The present invention accordingly provides a support for electrodes of primary or secondary electric cells, said support comprising an open-mesh, three-dimensional network structure composed of plastics threads coated unbrokenly with one or more efficiently conducting, thin metal coats and, to form the three-dimensional structure, being provided with humplike depressions and/or elevations (No. 3 in FIGS. 1 and 2; Nos. 13 and 14 in FIGS. 3 and 4) which are distributed over its surface and in whose region the distance between the plastics threads is increased, wherein at least the outer metal coat of the plastics threads consists of a valve metal.
Valve metals for the purposes of the present invention are metals which, on anodic oxidation in an acid medium, form a dense oxide layer which preferably has adequate electrical conductivity. Such valve metals are metals of groups four B, five B and six B of the periodic table, in particular titanium, zirconium, hafnium, vanadium, niobium, tantalum, molybdenum and tungsten.
Titanium is a particularly preferred valve metal.
The open meshes of the filigreelike net structure of the electrically conductive network material is a characteristic geometric feature of said material.
Preferably the open-mesh network structure consists of a textile sheet three-dimensionally deformed by an area-enlarging, mesh-opening deformation process, for example by deep drawing.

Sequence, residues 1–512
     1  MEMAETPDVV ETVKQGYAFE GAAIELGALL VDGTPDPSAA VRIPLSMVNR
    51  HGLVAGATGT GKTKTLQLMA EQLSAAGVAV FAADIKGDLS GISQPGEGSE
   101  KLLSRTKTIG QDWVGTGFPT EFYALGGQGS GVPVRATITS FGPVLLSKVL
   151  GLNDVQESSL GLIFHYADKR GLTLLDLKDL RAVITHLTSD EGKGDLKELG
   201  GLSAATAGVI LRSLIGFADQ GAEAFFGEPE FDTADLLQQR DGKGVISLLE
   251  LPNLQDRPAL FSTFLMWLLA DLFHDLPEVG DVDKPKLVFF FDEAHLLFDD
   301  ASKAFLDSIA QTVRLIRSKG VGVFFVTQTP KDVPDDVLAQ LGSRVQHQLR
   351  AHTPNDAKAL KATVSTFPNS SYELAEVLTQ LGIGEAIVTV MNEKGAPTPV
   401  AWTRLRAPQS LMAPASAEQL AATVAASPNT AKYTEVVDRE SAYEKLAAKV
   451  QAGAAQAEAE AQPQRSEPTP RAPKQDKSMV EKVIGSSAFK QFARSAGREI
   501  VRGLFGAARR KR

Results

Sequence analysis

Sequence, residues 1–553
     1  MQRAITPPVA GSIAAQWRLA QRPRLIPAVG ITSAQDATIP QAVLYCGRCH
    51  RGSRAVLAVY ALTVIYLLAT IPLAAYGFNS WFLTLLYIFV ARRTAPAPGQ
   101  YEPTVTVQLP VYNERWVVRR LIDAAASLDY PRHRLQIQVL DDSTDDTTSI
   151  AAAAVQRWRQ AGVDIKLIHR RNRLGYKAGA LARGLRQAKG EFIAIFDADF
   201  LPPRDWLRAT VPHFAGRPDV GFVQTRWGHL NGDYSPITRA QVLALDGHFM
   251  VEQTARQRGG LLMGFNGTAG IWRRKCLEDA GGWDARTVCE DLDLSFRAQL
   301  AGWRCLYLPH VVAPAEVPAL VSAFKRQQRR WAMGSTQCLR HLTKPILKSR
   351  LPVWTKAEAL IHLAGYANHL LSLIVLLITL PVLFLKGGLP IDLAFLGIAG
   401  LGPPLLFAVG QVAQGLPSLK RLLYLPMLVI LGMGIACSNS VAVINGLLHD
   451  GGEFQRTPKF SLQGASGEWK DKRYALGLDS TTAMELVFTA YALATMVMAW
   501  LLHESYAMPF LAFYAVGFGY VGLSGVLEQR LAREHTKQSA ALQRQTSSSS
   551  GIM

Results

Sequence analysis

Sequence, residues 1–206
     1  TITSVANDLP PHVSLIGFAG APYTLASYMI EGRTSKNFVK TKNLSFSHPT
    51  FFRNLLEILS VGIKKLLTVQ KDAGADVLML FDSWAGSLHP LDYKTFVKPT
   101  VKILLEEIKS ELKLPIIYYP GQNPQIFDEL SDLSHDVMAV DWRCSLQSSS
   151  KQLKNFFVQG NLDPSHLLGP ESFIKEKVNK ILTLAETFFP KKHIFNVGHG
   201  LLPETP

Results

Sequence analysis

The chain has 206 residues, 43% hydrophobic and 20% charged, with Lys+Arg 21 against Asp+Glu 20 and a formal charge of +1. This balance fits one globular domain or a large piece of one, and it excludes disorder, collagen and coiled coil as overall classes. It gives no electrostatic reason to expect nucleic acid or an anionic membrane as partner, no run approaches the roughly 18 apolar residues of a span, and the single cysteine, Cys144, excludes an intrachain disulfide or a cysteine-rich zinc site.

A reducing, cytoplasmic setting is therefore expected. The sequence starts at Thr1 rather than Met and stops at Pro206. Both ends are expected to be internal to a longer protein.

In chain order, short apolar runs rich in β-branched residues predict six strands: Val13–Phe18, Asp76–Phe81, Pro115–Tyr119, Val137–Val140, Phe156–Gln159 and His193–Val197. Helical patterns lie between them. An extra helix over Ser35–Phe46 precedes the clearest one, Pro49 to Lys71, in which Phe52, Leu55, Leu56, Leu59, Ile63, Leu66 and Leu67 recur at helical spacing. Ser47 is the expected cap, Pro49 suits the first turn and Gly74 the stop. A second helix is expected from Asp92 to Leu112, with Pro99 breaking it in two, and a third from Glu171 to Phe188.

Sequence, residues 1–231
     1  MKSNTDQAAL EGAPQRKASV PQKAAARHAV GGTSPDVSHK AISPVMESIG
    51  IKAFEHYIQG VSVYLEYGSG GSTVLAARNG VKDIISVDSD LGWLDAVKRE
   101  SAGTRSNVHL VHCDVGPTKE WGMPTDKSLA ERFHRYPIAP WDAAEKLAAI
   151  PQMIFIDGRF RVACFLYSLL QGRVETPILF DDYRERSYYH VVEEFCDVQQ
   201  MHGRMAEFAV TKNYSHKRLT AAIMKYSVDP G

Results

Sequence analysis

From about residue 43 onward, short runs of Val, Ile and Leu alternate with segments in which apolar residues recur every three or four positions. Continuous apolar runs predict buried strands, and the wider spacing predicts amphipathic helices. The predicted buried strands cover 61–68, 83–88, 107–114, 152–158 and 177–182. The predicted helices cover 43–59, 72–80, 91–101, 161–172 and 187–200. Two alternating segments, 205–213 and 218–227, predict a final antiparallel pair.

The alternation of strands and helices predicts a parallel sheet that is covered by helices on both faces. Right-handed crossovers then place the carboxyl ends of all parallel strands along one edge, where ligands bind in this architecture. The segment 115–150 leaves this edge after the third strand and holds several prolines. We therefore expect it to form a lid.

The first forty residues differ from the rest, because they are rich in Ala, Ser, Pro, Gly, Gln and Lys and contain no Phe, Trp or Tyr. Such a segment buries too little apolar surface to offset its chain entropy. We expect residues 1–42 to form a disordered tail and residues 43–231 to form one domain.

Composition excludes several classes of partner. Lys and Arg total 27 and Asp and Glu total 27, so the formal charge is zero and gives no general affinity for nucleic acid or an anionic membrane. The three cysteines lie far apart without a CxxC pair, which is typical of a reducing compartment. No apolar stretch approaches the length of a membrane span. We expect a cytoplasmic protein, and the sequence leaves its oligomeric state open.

For example, the open meshes of the network structure are formed by using deep drawing to extend the meshes of a sheetlike textile material, such as, for example, of a cross-laid fabric stabilized by extensible weft threads, or of a woven fabric, but in particular of a knitted fabric, such as, for example, a Raschel fabric. If the base material used for the network material is a cross-laid fabric in which the filament bundles cross at about an angle of 5° to 30°, or a woven fabric, it is necessary that the sheetlike textile material should consist of--or at least contain in an effective amount--fibers which themselves show a relatively high extensibility, which may be reversible or irreversible, so that the material be sufficiently deep-drawable. A fiber material of high irreversible extensibility consists for example of partially oriented filaments which are produced by spinning at a relatively high take-off speed. In the case of knitted fabric, by contrast, the deep-drawability is substantially independent of the extensibility of the fiber material. It is therefore preferable to use a knitted fabric as the base for manufacturing the electrically conductive network materials. The fiber material of the sheetlike textile materials is in principle of minor importance. However, it is best selected in such a way that it promises to meet the intended use in the best possible manner. Whereas the physical properties of natural fibers can be influenced only to a limited extent, the physical properties of synthetic fibers can be optimized to the intended use. It is therefore particularly preferable to use synthetic fiber materials, for example polyamides, polyacrylonitrile, polyolefin fibers, but in particular polyester materials, for manufacturing the electrically conductive network materials of the present invention. Particular preference is given here in turn to those grades which exhibit a particularly high mechanical strength. An example of such fiber materials is the commercial product (R)TREVIRA HIGH TENACITY or else end-group-capped polyester materials which are particularly resistant to chemical influences.